How to Speak Machine – Book Highlights

Below are a selection of my top Readwise highlights from John Maeda’s book How to Speak Machine. Also see my takeaways from reading the book on the blog.

Key highlights

  • Machine learning expert Andrew Ng describes the problem not as one of questioning whether a computer will eventually become awakened as a superior life form, but instead of: “If you’re trying to understand AI’s near-term impact, don’t think ‘sentience.’ Instead think ‘automation on steroids.”” Automation on steroids means we’re living in an era where looping, infinitely large computing machines have provoked a kind of living material into action that excels at behaving like a zombie that never tires, AI is a mindless robot that does our bidding based upon patterns that its brain has been exposed to. (Page 78)
  • Described more cynically by the late David Foster Wallace, as being left alone to “the freedom to be lords of our own tiny skullsized kingdoms, alone at the centre of all creation.” (Page 88)
  • The high expectations set for achieving intelligence with the primitive computers of that era eventually resulted in major funding cuts to research in the 1970s, known as the “AI winter.” (Page 94)
  • Data scientists’ most basic, universal skill is the ability to write code. This may be less true in five years’ time, when many more people will have the title “data scientist” on their business cards. More enduring will be the need for data scientists to communicate in language that all their stakeholders understand-and to demonstrate the special skills involved in storytelling with data, whether verbally, visually, or-ideally-both. (Page 148)
  • Data science often doesn’t mean just writing computer programs. It means throwing out bad data that’s collected, bringing stakeholders along so they can make sense of the data, and ultimately deciding on what data to collect in the first place. (Page 149)
  • As user research expert and design legend Erika Hall puts it:
    The best way to assess a functional design is through a combination of quantitative and qualitative methods. The numbers will tell you what’s going on, and the individual people will help you understand why it’s happening. (Page 151)
  • The science attempts to answer the question, and the humanism makes you ask why it’s relevant to people. (Page 151)
  • Technologist = I do, because I can.
    Humanist = I do, because I care. (Page 165)
  • If and when computers fully outpace the intelligence of the entire human race, there will always be certain things that machines will not be able to beat us at doing, and it’s our job as humans to figure them out. (Page 165)
  • This is the lesson of good ethnography: to understand a cultural phenomenon, you need to get as close as possible to “first-source” information, instead of relying on second- or thirdhand information. Furthermore, to truly understand first-source information, you need to invest time in knowing and understanding the cultural context that surrounds it. (Page 177)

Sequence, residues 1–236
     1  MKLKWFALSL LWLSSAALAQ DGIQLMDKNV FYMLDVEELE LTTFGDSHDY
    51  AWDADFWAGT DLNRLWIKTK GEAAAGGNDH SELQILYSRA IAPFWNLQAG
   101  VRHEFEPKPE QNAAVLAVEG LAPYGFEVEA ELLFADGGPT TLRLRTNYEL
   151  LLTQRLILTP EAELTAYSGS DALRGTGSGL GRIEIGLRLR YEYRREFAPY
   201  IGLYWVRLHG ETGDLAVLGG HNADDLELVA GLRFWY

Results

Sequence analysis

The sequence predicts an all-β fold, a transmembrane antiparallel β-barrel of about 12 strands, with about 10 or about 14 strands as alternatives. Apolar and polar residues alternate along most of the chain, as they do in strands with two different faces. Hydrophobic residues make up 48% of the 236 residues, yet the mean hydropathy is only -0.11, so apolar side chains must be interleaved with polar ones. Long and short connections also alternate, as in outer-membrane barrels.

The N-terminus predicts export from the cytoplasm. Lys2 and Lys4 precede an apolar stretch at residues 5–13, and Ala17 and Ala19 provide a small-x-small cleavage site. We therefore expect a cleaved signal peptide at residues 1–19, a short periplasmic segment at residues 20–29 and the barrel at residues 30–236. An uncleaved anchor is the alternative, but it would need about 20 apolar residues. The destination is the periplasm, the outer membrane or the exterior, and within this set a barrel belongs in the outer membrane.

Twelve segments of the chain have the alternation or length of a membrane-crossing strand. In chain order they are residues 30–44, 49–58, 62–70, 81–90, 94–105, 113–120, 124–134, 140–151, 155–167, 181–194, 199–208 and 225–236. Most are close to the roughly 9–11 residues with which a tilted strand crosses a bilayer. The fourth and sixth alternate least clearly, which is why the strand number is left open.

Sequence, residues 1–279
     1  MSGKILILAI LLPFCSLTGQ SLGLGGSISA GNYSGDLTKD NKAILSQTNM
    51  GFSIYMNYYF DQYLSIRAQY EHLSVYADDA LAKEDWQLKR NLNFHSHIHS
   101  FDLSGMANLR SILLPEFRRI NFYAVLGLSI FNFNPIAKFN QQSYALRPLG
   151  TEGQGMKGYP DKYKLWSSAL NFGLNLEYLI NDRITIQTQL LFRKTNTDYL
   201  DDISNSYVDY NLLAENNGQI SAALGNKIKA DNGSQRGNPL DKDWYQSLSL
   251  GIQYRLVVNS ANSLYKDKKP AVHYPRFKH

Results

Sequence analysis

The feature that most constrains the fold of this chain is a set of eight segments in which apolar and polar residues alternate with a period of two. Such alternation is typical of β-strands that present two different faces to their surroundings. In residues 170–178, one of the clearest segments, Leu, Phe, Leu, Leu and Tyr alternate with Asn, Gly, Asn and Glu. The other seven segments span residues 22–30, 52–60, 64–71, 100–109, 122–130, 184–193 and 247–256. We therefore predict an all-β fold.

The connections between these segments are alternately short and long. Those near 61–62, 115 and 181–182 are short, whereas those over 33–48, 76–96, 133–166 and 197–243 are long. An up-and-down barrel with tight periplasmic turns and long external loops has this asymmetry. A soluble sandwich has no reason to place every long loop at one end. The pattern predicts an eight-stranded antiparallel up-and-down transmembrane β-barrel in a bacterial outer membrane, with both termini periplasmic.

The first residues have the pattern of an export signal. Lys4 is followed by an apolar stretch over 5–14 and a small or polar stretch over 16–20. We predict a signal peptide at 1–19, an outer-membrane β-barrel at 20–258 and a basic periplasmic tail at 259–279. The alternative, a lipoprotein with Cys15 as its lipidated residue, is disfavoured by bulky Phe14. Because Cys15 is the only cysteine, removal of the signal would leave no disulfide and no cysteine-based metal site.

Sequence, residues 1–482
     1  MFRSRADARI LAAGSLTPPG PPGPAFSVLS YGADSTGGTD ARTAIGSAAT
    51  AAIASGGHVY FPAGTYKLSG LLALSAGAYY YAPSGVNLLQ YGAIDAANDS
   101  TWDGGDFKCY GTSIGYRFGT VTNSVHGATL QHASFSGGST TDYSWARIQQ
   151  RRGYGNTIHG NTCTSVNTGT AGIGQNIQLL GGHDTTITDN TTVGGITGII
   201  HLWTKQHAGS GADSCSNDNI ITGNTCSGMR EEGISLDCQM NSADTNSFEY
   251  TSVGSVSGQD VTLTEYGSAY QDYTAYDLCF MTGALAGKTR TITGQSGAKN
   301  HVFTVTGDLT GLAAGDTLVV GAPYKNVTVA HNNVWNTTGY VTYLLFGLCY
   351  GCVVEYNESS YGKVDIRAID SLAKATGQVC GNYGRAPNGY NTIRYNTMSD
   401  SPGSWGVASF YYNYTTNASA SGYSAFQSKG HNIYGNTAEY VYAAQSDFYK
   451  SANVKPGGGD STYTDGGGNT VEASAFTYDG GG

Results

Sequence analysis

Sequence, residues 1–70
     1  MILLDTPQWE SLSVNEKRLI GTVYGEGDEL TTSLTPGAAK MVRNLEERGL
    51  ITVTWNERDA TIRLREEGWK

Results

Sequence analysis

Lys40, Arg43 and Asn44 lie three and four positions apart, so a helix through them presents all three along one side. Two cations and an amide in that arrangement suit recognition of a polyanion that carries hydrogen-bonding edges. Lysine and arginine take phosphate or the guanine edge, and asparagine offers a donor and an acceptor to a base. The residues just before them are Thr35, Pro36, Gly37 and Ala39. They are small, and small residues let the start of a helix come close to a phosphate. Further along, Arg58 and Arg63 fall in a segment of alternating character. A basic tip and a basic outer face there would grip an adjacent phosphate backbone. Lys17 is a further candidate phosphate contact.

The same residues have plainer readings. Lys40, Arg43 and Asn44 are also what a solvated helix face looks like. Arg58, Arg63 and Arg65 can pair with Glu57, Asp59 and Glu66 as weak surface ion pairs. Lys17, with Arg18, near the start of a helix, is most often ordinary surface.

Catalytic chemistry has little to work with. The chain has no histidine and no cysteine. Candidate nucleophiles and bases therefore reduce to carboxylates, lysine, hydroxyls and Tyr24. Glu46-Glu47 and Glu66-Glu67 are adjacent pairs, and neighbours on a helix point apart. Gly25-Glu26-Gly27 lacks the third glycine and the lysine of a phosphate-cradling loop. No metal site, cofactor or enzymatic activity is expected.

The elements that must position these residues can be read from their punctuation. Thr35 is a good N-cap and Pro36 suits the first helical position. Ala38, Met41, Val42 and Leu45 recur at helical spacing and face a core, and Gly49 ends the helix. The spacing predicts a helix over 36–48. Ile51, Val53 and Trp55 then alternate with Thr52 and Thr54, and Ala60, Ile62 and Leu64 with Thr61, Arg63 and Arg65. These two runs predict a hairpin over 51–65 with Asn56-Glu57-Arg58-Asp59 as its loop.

• Cultural anthropologist Clifford Geertz defined the ultimate goal of ethnography as “thick description,” as opposed to “thin description.” Thin description focuses merely on the superficial details, whereas thick description goes much deeper than immediate observations and attempts to capture the many layers beneath just the surface. (Page 177)
  • So when presented with quantitative data, it’s important to de mand what tech ethnographer Tricia Wang calls “thick data” in contrast with “big data.” Gathering thick data takes time, and interpreting it well can take even longer. You need to marinate in the thick data that you gather to fully capture the many contexts d your fellow human beings, or else there will be little benefit from your added investment. The allure and ease of quantitatively processing big data will constantly pull you away from the time conmitments required to comprehend thick data. (Page 178)
  • Keep in mind the three traps that have always gotten me in trouble:
    1. Thinking like a classical engineer, and believing there’s got to be only one way to build it right.
    2. Thinking like a classical designer, and believing your solution is the one that all will bow down to and adapt.
    3. Thinking like a senior leader, and believing that what worked well in the past is obviously applicable yet again. (Page 181)
  • Holmes’s three design principles for addressing imbalance are simple enough to put into practice, and yet deep enough to spend a lifetime trying to master. They are:
    1. “Recognize exclusion.” Make a conscious effort to notice when someone or a group of people is being excluded.
    2. “Learn from human diversity.” Go thick, and go into neighborhoods and cultures that are unlike your own.
    3. “Solve for one, extend to many.” Construct solutions that break your biases and help you find new markets. (Page 187)